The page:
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The value of valuable values

One of the keys to living a life that's meaningful and fulfilling is to identify the guiding forces of your life, choose the ones that bring you the most joy or satisfaction, and then follow them as best you can.


Your values run through everything you do -- your peak experiences and your lowest lows. They lift you up and connect you to your best, most wonderful self, and the violation of your values brings you frustration, disconnectedness, and dissatisfaction.


But most of the time they do it secretly, running in the background like your computer's operating system -- we know when it crashes or gets buggy, but if we're not clear on what our values are (like I am not clear on what my computer's operating system is), it's hard to recover from those unpleasant feelings.


There are several ways to identify your values:


1) Just knowing what they are

You've been alive long enough and done enough self-reflection that you know that family, accomplishment, and faith drive the majority of your decisions and lead you to positive outcomes. Or you've struggled enough with challenging coworkers to know that connection, innovation, and humor are what you need at work.


This is a great method, but if you don't already have this kind of clarity, it won't help much. (read on!)


2) Analyze your high moments

Think back to a time when you were most proud, filled with joy, or living on cloud 9. What were you serving in that moment? What were you honoring? For example, for many people, graduating from high school or college is a high point because it honors their values of hard work, determination, knowledge, or friendships. Or getting married is a high point because it celebrates the values of love, commitment, respect, or success. Your high points come because you were in full alignment with one of your most important values at the time, and because your values are different from everyone else's, your peak times will be unique. (I can easily imagine two spouses honoring different values at the exact same wedding.)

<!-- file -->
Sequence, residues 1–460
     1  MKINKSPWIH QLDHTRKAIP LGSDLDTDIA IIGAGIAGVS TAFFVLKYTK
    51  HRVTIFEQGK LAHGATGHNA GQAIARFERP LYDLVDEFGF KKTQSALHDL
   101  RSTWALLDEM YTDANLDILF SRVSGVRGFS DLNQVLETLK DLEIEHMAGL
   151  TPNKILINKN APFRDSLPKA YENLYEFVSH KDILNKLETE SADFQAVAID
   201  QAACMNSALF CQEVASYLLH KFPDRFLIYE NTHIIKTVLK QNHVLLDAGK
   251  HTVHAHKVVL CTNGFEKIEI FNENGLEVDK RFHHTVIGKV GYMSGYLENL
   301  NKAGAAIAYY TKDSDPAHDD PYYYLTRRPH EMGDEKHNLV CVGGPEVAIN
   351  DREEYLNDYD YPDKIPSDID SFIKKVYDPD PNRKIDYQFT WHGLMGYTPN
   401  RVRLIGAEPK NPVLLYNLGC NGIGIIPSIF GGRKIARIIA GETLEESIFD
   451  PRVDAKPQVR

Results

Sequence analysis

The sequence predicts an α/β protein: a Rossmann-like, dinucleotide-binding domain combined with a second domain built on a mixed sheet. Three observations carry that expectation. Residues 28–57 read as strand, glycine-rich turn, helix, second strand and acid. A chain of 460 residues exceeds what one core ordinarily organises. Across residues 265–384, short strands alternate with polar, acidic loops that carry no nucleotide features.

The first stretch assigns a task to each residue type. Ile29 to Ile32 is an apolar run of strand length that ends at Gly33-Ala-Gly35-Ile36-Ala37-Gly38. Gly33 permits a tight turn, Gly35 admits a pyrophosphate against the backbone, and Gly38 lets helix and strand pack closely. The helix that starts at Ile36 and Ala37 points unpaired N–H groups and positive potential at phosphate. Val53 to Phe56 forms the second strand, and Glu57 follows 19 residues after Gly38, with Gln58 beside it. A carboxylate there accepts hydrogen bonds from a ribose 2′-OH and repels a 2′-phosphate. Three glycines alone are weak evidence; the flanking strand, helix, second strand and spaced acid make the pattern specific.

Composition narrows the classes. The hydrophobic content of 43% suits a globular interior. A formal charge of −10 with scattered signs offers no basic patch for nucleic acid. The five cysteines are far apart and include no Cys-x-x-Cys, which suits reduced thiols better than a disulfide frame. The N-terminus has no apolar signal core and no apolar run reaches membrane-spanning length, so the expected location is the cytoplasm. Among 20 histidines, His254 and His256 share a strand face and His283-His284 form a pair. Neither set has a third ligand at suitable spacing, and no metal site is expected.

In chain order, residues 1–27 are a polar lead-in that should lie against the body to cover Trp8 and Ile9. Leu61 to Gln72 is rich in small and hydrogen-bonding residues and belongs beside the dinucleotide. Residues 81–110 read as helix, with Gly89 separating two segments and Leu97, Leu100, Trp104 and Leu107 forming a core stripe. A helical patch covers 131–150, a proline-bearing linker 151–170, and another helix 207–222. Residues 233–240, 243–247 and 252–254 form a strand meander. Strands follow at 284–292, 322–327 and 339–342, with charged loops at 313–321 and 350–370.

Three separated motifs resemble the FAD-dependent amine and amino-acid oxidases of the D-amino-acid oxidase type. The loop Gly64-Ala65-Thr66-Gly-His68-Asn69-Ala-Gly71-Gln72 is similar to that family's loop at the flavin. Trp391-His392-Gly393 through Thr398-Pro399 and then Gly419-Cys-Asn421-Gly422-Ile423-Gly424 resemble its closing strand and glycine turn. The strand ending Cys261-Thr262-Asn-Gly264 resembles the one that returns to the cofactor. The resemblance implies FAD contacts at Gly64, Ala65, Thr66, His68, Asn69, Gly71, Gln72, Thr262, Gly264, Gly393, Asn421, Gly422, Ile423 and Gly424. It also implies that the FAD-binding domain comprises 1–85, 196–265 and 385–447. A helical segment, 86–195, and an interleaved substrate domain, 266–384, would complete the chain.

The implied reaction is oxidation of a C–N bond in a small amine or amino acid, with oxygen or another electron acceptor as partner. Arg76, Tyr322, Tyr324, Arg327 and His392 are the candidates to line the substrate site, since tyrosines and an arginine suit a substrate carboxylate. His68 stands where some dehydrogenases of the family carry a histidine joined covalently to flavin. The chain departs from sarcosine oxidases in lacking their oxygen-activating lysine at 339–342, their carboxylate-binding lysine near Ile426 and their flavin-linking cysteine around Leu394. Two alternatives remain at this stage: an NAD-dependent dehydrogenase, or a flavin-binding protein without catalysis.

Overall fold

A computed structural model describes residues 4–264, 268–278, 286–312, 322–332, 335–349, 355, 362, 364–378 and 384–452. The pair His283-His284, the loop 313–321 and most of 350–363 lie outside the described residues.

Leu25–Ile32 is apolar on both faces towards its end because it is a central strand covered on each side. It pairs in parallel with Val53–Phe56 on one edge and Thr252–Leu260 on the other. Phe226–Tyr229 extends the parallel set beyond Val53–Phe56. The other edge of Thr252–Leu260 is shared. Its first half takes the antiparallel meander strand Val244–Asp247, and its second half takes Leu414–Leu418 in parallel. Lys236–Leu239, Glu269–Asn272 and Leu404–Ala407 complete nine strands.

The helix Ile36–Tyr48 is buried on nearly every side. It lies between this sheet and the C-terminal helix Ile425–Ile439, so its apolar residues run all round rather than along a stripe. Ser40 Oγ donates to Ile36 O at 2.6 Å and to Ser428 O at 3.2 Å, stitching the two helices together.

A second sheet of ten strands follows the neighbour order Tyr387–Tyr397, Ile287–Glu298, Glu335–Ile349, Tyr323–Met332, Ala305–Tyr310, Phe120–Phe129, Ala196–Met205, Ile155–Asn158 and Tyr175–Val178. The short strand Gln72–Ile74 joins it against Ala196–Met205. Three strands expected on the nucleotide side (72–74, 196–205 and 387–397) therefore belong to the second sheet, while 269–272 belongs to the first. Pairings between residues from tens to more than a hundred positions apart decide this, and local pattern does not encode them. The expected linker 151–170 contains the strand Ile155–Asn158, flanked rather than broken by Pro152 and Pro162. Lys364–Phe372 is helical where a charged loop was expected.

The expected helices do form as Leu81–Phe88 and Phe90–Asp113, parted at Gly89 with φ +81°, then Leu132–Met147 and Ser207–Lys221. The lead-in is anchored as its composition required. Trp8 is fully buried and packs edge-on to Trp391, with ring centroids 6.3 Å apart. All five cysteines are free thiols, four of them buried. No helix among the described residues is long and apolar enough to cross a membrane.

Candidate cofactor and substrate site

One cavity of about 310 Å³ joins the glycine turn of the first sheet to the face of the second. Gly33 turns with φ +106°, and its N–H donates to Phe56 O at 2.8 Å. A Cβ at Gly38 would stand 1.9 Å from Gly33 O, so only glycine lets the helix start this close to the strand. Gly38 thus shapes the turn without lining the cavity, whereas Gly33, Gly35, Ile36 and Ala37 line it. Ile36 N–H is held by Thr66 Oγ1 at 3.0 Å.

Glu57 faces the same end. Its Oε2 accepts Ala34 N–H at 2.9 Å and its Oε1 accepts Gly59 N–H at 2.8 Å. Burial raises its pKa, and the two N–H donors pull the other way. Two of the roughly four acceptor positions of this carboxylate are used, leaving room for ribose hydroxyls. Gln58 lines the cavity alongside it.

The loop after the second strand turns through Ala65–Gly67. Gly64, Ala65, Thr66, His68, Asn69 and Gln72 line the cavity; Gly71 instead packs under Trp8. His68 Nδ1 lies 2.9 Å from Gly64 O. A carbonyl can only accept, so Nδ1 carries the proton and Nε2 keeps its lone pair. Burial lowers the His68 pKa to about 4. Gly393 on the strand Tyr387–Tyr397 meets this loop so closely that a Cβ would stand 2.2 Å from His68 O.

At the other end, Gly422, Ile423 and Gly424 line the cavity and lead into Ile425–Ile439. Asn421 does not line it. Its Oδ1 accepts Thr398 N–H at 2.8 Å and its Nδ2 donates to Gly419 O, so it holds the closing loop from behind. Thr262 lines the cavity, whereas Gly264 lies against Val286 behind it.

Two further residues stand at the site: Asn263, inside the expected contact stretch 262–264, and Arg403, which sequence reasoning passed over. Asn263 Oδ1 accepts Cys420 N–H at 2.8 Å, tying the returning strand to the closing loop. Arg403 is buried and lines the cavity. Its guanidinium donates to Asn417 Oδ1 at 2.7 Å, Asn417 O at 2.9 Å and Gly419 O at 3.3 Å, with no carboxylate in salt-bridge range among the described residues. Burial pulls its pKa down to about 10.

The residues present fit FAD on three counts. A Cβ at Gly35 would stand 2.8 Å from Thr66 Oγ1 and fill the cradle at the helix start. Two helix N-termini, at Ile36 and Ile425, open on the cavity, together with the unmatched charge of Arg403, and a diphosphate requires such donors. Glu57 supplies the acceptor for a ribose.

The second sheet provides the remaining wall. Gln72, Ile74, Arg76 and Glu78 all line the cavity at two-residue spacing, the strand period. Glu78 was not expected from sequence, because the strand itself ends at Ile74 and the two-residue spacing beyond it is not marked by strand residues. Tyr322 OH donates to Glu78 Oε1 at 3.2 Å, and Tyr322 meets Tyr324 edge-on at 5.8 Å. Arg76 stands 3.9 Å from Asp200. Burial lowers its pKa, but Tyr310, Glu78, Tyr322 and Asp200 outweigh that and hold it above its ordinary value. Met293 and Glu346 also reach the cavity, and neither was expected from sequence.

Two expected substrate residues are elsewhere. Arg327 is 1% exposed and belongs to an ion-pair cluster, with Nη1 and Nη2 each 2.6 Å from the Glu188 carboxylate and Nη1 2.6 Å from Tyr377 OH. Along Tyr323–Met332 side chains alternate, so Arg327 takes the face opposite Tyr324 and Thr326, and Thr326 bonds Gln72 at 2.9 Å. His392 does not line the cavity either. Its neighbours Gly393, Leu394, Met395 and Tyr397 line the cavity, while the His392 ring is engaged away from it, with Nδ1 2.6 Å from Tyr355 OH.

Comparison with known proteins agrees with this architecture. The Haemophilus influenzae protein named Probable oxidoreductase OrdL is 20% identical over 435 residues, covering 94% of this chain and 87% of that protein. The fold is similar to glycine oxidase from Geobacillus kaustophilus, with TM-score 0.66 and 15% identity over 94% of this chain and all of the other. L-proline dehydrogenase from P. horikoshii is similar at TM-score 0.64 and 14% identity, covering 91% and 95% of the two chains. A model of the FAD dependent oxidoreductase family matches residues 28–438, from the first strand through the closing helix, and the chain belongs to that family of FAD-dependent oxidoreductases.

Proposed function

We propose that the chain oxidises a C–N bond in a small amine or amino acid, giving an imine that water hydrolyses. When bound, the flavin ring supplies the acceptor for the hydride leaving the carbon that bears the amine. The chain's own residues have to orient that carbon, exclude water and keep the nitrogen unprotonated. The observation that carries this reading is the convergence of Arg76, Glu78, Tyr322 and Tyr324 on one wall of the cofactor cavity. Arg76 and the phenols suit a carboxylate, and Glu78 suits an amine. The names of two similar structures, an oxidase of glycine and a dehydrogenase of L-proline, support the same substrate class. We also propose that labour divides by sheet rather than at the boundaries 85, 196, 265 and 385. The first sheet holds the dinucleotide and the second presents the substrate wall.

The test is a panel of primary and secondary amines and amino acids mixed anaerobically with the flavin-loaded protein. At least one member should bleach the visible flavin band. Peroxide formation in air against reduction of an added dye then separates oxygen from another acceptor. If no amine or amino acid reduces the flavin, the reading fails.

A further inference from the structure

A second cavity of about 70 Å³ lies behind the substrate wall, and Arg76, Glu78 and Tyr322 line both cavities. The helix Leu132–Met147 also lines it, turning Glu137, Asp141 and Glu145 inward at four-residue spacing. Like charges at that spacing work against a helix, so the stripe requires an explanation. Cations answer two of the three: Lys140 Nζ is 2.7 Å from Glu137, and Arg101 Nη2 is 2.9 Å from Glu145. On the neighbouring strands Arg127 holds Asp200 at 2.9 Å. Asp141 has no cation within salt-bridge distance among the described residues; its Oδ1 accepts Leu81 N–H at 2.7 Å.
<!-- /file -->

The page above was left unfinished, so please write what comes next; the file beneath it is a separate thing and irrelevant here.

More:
3) Reflect on your crap moments

What are the kinds of things that drive you bananas? Usually when we are triggered by a situation, it's because one of our values is being stepped on. As an example, it drives me NUTS when people rush to be the first ones off a subway car but then walk so slowly and take up so much space that I can't get around them. It turns out that I have a value around freedom of movement (it's why I don't like Peloton, either, alas). I like to move through space at my own pace in my own way. These low points (and there are lower points than subway exits, I acknowledge) shed some light on what we need to do differently.


4) Talk it out with close peeps

Sometimes your values are so integral to who you are that others can see them (or articulate them) better than you can. Ask your close friends or family what they think you value based on what they've seen of you. Take their answers with a grain of salt and a ton of curiosity -- what have you done that makes them think that way?


5) Do a value sort

There are several online value sorters that list a few dozen generic values and allow/force you to sort those values into a range of importance from Not At All Important to Vitally Important. While this might miss a value or two that are unique to you, they're a quick way to get a sense of what's really important to you. (Or an interesting first date activity, if you're into that kind of thing.)


Here are a couple of places you can find them:


Once you have your values in place, you can evaluate yourself against how fully you're living each value on a regular basis. The more you live them, the more aligned and complete you're likely to feel.


But don't take my word for it. Give it a try.


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